- Worse closing eyes
Note: It is common that the analysis changes over time. This seems to happen for 2 main reasons. First, after being on a healing remedy, the characteristics of the illness tend to change. Second, the client will provide more accurate reporting having gone through this process and now being more aware of their symptoms and associated modalities.
It is interesting that for Jenny, her new analysis brought up new remedies and Crocus became contraindicated based on her eyes feeling worse when closing. I chose to include that rubric, even though it was a smaller, yellow rubric (less reliable) and I had plenty of green rubrics (more reliable), as she felt it was an important, new symptom.
In reviewing the new analysis, it was nice to see Belladonna coming up with the highest PD. Another interesting point is that Belladonna did not come up high in Jenny’s first analysis. The PD for Belladonna was 6 points higher than the next remedy, Silica, and 8 points higher than the third remedy, Colchicum.
Of course, Belladonna is well known for fevers, sore throats and headaches. In Boenninghausen’s Repertory, it appears under Fever – pathological types – intermittent and periodicity – in general. Belladonna is also represented in periodic headaches and periodicity in general. It was an easy choice to select Belladonna as Jenny’s next remedy. I started her on Belladonna 12c, 4 drops, every other day. If an episode seemed to be starting, her mom was to give her up to 3 doses per day until it resolved.
Follow-up Visit #8
Jenny’s next follow-up occurred about 9 weeks after starting Belladonna. Her mom was unsure on the exact timing of her symptoms but she felt the fever cycle was more like 6 weeks after her previous episode (versus monthly). Jenny had recently had a day where she felt “like a fever was coming on”. As such, Jenny was given an extra dose of Belladonna 12c, which helped her to quickly feel normal.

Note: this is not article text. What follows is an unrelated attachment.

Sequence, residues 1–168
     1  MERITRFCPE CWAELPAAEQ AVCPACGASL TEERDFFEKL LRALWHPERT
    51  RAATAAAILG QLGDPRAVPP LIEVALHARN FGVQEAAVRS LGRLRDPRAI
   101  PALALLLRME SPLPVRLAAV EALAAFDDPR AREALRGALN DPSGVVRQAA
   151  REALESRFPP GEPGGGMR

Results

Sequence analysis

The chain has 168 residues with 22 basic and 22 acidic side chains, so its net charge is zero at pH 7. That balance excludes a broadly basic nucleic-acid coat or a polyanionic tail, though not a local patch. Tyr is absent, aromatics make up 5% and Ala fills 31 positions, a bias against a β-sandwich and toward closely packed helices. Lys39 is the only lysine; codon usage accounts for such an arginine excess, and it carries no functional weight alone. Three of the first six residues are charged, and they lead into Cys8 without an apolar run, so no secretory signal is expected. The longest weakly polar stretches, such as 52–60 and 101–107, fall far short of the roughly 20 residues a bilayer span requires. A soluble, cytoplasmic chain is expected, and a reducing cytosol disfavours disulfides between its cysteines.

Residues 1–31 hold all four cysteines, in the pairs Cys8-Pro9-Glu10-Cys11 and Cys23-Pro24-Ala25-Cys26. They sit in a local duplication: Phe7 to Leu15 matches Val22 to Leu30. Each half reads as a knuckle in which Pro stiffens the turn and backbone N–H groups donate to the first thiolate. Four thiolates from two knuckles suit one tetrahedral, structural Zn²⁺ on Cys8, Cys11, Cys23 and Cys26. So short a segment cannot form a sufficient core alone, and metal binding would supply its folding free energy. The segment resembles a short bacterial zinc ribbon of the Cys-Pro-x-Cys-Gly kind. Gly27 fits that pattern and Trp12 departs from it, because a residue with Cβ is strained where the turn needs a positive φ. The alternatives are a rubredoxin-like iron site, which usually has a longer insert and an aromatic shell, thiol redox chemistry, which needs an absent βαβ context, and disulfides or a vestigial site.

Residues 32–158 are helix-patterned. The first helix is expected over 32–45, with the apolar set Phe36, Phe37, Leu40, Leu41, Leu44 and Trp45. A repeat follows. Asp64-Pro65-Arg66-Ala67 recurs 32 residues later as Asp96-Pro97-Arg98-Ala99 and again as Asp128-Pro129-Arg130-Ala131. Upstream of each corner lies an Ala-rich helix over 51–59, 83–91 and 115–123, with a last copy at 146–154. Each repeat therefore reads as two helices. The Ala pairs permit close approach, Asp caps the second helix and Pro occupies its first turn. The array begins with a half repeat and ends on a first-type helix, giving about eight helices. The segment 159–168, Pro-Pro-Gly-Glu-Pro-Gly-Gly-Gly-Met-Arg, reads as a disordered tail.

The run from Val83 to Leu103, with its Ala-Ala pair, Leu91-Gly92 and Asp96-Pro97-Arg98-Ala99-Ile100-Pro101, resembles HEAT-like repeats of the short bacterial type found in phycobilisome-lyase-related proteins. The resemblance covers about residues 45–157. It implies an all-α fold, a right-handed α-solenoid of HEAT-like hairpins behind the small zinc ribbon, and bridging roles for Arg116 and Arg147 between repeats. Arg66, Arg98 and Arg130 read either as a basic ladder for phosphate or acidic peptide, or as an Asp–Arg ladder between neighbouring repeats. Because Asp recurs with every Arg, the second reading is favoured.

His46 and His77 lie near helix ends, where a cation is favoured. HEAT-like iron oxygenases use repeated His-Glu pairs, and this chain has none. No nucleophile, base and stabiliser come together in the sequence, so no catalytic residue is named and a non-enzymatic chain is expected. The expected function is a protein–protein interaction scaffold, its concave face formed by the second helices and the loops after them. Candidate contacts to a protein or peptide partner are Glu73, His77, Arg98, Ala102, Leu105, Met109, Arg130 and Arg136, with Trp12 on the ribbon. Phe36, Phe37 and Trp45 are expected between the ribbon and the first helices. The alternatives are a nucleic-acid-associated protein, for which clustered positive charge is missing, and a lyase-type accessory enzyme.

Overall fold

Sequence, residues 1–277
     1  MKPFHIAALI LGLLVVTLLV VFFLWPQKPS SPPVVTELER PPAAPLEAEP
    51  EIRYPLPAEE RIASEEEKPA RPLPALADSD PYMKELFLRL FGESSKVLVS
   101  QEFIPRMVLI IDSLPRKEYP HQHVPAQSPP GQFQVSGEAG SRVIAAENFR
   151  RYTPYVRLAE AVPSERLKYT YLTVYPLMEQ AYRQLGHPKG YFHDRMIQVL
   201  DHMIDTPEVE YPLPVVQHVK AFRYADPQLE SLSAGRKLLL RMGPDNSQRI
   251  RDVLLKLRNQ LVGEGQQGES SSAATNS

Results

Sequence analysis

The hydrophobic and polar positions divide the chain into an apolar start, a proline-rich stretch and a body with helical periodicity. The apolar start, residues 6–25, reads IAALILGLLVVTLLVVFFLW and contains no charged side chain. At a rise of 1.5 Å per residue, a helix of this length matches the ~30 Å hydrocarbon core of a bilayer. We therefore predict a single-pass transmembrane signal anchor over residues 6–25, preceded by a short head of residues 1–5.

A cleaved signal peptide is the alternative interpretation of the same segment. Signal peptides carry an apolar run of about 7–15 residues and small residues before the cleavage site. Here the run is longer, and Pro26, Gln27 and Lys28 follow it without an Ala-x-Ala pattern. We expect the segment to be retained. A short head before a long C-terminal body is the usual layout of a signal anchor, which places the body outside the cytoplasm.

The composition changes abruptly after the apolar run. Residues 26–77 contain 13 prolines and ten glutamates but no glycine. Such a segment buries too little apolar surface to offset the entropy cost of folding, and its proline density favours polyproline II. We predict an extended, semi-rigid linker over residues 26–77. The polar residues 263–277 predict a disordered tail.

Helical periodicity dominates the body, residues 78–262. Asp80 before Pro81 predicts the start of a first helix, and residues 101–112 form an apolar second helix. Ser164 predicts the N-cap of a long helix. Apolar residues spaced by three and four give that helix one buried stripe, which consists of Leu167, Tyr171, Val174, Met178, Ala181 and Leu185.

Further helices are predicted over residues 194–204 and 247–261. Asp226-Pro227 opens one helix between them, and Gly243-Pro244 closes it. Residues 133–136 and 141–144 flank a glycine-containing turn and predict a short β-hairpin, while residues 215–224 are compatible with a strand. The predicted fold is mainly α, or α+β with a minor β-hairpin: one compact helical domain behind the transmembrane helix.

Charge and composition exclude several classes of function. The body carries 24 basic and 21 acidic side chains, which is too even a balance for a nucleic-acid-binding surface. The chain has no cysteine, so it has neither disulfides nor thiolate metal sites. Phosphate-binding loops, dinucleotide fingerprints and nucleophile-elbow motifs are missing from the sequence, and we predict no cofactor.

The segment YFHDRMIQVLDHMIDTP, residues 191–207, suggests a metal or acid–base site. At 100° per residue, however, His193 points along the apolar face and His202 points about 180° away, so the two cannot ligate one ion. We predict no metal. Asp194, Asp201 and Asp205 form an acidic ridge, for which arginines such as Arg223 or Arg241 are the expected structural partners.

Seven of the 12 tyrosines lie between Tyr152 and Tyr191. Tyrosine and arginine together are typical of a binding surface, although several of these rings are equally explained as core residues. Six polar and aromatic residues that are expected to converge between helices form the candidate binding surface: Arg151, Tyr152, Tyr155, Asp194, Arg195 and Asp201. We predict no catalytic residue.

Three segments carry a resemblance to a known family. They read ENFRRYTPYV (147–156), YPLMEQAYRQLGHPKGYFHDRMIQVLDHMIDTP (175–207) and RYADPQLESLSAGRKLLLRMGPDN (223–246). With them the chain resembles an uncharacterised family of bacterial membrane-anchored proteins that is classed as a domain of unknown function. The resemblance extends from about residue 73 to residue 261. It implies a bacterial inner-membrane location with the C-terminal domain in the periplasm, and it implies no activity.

Her mom estimated the change happened within 10 minutes. Jenny even had a burst of energy and wanted to go outside and play soccer with her friends. Other than that day, she had been feeling great. I now switched Jenny to Belladonna 30c, 4 drops, twice weekly.
About a month later, Jenny’s mom let me know that she started feeling a fever coming on within an hour of taking Belladonna 30c. I had her stop giving the remedy to Jenny entirely. She would now wait and only give a dose of Belladonna 30c if Jenny started feeling her fever cycle starting.
While this case is ongoing, Jenny’s recurrent fevers are nearly gone. Jenny’s mom recently shared that “Homeopathy has been an incredibly positive experience for my child. Her severe symptoms have decreased to the point of non-existence. I’m so grateful.”
In hindsight, I would have redone Jenny’s analysis and switched her from Crocus sooner. However, I am so grateful for Polarity Analysis, the repertory tool and the method, to quickly bring relief to Jenny. There are many benefits to this method but the most important is that it consistently brings better results sooner to my clients. I use PA nearly exclusively now for both chronic and acute illness.
For any professional homeopath interested in learning PA, I highly recommend attending the class offered through the Trinity Health Hub, taught by Tim Shannon, ND and Karen Allen, CCH. In addition to the training hours, this class includes many hours of “live” clinic cases as well as opportunities for case supervision.
American Family Physician (October 21, 2020). Recurrent Fevers in Children: Differential Diagnosis. https://www.aafp.org/afp/2003/0215/p863.html
Boger, C.M. (2010). Boenninghausen’s Characteristics & Repertory. New Delhi, India: B. Jain Publishers (P) Ltd.
Cleveland Clinic(October 20, 2020). Recurrent Fever.
Medscape (July 19, 2019). Garg.Hereditary Periodic Fever Syndromes.https://emedicine.medscape.com/article/952254-overview